(5) Anti-inflammatories that dampen a maladaptive immune response (e.g., hydroxychloroquine) to prevent a patient from progressing from mild/moderate to severe disease requiring ICU care. This category is the primary focus on this blog.
(6) Anti-inflammatories to treat cytokine storm (e.g., anti-IL6). There is overlap between the two anti-inflammatory categories. Still, it is important to separate them, as there may be opportunities for a therapy to work in one and not the other.
What is a pragmatic clinical trial design to test the therapeutic hypothesis that repurposed anti-inflammatory therapies can dampen a maladaptive immune response? Any clinical trial will need to rely on clinical characteristics and lab abnormalities that are collected as part of routine patient care. Similarly, any clinical trial protocol must be designed to give treating physicians on the frontlines sufficient flexibility to make decisions.
While it is probably self-evident, it is worth remembering that health care providers on the front lines are confronted with unprecedented challenges. They are caring for extremely sick patients with incomplete tools: there is an insufficient supply of personalized protective equipment (PPEs); there are too few diagnostic tests for acute infection and protective immunity; and there are not enough ventilators to care for predicted surge of patients.
Given these dire circumstances, the operations for any clinical trial must be extremely pragmatic – but at the same time sufficiently rigorous to draw firm conclusions. Inclusion criteria must be a standard part of patient care available in a timely matter. Similarly, any biomarkers and clinical outcome measures of safety and efficacy must also be standard of care. It is not realistic to implement bespoke features into a COVID-19 clinical trial.
Another consideration is the role of regulatory authorities in approving and monitoring the outcome of a clinical trial (here). Approved drugs can generally be prescribed for any purpose prescribers determine are appropriate based on their medical judgment. Under this scenario a master protocol – approved by an ethics board at an institution, hospital system or trial network (e.g., RECOVERY) – should be sufficient to launch an investigator-initiated trial (IIT). In some instances, an investigational new drug (IND) application may be required. For a drug still in clinical development (i.e., not yet approved by a regulatory authority), the situation is more complex. While it is possible that regulatory authorities may consider alternative approaches for SARS-CoV-2 / COVID-19, it is likely that most non-approved drugs will require regulatory input before initiating a clinical trial.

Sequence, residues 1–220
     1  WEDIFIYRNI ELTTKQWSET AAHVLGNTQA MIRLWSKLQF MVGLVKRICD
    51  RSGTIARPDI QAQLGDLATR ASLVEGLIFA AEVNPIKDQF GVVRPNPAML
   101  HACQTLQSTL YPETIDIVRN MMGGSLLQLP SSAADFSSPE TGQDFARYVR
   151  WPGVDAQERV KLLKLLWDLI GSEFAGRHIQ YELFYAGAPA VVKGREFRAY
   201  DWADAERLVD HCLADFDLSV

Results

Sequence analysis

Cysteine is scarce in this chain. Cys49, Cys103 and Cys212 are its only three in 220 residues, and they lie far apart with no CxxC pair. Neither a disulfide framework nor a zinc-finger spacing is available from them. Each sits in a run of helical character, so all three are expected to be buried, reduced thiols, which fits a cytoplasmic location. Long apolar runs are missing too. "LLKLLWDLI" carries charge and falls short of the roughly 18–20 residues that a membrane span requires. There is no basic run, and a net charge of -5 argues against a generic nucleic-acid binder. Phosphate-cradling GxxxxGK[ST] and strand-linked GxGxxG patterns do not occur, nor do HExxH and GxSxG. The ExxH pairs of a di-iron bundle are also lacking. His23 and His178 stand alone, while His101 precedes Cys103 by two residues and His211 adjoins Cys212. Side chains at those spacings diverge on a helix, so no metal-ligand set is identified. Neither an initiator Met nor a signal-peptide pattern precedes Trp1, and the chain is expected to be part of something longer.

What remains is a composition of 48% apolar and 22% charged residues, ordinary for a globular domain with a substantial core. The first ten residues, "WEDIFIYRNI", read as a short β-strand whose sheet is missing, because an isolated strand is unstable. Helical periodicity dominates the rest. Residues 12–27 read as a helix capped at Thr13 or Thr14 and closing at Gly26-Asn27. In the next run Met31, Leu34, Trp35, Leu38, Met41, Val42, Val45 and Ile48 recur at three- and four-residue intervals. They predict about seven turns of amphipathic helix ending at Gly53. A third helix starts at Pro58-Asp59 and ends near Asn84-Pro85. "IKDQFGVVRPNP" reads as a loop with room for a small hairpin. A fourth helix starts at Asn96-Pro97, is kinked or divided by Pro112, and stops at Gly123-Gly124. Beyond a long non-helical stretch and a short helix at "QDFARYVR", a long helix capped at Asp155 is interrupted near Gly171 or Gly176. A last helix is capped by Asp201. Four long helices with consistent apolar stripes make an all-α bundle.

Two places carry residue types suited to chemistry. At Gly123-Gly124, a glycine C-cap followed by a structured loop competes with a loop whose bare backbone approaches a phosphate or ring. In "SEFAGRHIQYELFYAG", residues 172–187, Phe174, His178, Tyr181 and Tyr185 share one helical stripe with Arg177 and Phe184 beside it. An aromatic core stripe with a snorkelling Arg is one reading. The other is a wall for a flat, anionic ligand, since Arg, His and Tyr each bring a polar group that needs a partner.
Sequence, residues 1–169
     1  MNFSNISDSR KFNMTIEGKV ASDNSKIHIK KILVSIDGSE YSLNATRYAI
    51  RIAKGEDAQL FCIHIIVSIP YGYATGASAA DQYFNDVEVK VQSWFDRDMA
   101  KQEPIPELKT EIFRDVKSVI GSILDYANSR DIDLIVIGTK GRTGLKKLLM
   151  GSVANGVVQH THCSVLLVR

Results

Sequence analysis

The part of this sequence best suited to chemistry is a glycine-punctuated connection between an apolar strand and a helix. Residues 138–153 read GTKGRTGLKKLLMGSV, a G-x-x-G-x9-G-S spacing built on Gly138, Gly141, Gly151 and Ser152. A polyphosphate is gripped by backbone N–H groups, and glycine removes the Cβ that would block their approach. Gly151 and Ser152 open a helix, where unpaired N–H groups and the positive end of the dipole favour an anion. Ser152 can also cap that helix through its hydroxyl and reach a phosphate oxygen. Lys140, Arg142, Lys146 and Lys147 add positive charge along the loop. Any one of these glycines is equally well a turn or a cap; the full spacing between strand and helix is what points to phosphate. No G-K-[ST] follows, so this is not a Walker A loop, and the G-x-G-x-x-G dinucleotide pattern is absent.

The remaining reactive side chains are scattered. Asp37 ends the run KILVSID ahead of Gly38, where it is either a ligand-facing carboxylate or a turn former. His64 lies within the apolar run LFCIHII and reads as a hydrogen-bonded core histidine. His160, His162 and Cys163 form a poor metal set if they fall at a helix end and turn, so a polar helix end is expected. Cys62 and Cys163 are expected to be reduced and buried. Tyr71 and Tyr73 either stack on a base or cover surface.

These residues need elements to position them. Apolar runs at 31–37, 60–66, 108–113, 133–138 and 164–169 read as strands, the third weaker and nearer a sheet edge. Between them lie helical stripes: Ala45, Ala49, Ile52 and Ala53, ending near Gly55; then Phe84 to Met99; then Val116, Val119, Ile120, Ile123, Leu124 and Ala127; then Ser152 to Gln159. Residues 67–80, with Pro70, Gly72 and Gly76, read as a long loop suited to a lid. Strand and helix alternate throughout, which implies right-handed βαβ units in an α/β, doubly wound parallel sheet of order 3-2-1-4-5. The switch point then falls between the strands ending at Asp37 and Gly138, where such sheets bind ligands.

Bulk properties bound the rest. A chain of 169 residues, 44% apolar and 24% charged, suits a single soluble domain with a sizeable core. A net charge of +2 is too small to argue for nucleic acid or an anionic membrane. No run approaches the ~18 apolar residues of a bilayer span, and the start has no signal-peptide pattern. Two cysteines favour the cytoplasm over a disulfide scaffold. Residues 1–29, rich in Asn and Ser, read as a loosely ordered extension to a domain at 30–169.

For a trial designed to prevent or delay patients with mild-to-moderate symptoms from progressing to the ICU, the following could be considered:
- Ensure appropriate consents are obtained from individuals, given the experimental nature of these potential treatments for this condition.
- Focus on mild-to-moderate symptomatic SARS-CoV-2 patients with documented infection, either before hospitalization when symptoms are mild (fever, cough, normal oxygen saturation) or following hospitalization but not yet requiring ICU care.
- For hospitalized patients, inclusion criteria include those who have early signs of a maladaptive immune response:
- Peripheral infiltrates on chest x-ray
- Moderate-to-severe symptoms (e.g., RR ≥30; O2 sat ≤93% room air)
- Evidence of inflammation (e.g., high IL-6, ferritin, LDH, ESR, CRP; low lymphocyte count)
- Start with an open label, observational trial at a small number of centers:
- ~15 patients on active vs 15 matched historical controls in same hospital
- Background of antiviral therapy and other SOC (as determined by local system)
- Primary outcome at 21-28 days: composite end point of mechanical ventilation, ICU admission, sepsis, organ failure, death
- Secondary outcomes – especially data captured via electronic medical records – include time to primary events (e.g., hospital discharge), normalization of laboratory values (e.g., lymphocyte count), clinical parameters (e.g., oxygen saturation), complications (e.g., myocardial dysfunction)
- Incorporate the option to expand based on initial 15 patients DSMB review to a larger, multi-center, randomized controlled trial (RCT).
- If successful, the approach could extend to patients with mild symptoms, and could even include patients not yet hospitalized.
- Ultimately, firm conclusions and introduction of repurposed medicines as standard of care in COVID-19 must be based not on small, observational trials but on appropriately powered randomized controlled trials.